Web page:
This book examines how English judges discuss and depict Jews and Jewishness in the 20th and 21st centuries. It is a study of legal judgments in a range of areas, tracing continuities and discontinuities in representations of Jews and Jewishness over time. The book shows the part played by racial and religious understandings in legal decision-making, addressing the place of a minority with a long history in England and within the English cultural imagination. It considers the complex and often contradictory approaches to Jews and Jewishness within judicial discourse, challenging both assumptions about tolerance and neutrality in English law and any simple narrative of 'antisemitism'. While its focus is on the distinctive character of the English context, the book has resonance for thinking more generally about racial and religious representations in law.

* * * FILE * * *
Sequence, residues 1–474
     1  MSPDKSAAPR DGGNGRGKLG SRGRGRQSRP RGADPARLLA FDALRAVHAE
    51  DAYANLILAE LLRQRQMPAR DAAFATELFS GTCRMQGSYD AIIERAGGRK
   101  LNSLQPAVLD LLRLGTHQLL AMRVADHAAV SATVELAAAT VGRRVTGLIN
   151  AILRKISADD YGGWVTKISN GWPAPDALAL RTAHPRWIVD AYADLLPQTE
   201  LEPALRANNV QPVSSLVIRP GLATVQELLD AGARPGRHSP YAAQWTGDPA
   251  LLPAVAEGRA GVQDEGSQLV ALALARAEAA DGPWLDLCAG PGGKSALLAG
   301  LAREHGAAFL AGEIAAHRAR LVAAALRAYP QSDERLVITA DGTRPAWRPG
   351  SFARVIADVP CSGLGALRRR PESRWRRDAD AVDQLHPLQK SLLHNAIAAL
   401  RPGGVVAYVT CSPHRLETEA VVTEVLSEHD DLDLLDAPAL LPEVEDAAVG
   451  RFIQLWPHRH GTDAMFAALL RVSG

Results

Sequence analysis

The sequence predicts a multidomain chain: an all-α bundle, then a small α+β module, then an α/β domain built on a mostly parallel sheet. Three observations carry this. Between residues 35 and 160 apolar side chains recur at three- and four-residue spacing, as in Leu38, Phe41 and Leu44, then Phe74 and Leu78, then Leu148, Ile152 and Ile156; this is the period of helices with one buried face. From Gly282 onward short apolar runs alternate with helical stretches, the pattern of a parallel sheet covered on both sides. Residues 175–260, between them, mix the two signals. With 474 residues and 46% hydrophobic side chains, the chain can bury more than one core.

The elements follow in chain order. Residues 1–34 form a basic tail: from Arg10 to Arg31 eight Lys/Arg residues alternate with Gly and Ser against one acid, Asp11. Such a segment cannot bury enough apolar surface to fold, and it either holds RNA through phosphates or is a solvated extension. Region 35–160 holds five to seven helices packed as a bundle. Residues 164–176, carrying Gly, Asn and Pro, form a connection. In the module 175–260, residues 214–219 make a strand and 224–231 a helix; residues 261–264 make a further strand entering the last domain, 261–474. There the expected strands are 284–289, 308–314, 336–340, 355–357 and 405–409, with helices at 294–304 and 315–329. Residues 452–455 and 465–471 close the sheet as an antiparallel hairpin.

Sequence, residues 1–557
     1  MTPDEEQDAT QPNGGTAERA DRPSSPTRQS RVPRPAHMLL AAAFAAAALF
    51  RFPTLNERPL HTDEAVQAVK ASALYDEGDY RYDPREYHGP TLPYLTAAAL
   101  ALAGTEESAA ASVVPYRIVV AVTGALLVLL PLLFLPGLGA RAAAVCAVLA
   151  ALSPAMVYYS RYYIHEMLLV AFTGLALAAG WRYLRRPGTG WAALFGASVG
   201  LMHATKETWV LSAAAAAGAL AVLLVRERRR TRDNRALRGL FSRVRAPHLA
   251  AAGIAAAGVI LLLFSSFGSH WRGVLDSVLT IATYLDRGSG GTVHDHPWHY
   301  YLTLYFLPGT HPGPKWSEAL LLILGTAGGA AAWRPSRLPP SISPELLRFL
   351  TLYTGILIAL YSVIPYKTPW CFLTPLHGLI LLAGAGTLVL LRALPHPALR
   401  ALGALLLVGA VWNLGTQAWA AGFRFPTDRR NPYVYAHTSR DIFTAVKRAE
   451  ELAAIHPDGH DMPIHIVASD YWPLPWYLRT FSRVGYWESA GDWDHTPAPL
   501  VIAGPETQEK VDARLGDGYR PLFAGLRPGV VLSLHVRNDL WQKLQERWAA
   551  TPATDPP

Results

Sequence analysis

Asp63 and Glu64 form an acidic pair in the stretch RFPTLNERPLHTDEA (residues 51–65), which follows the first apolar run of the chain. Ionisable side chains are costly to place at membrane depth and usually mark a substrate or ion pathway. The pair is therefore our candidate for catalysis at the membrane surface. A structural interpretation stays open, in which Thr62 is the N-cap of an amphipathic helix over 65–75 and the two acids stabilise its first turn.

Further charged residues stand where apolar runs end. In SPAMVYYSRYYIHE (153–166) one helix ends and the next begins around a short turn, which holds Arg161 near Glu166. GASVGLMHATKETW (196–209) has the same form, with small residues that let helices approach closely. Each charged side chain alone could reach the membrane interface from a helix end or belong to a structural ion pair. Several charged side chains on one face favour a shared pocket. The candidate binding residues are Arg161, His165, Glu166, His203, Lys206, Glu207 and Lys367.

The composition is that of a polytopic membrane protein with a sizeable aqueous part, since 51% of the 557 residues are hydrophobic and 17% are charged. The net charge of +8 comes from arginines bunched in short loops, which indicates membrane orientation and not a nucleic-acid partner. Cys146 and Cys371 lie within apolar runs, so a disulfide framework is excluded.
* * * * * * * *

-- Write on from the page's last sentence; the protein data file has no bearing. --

Didi Herman is Professor of Law & Social Change at the University of Kent, UK. She has published widely on the subject of Jews, Jewishness and English law, and is also the author of Rights of Passage: Struggles for Lesbian and Gay Legal Equality, (University of Toronto Press, 1994), The Antigay Agenda: Orthodox Vision and the Christian Right, (University of Chicago Press, 1997), and, with Doris Buss, Globalizing Family Values: The Christian Right's International Activism (University of Minnesota Press, 2003).
1. Introduction ; 2. 'An Unfortunate Coincidence': Race, Nation, and Character ; 3. If Only I Knew: Race and Faith in the Law of Trusts ; 4. 'She is and Will Forever Remain a Jew': Children and the Courts ; 5. 'We Live in the Age of the Holocaust of the Jews' ; 6. 'The Wandering Jew Has No Nation': Jewishness and Race Relations Law ; 7. 'The Christian Church Will Admit Children Regardless of Who Their Parents Are': The Jewish Free School Case and Other Final Thoughts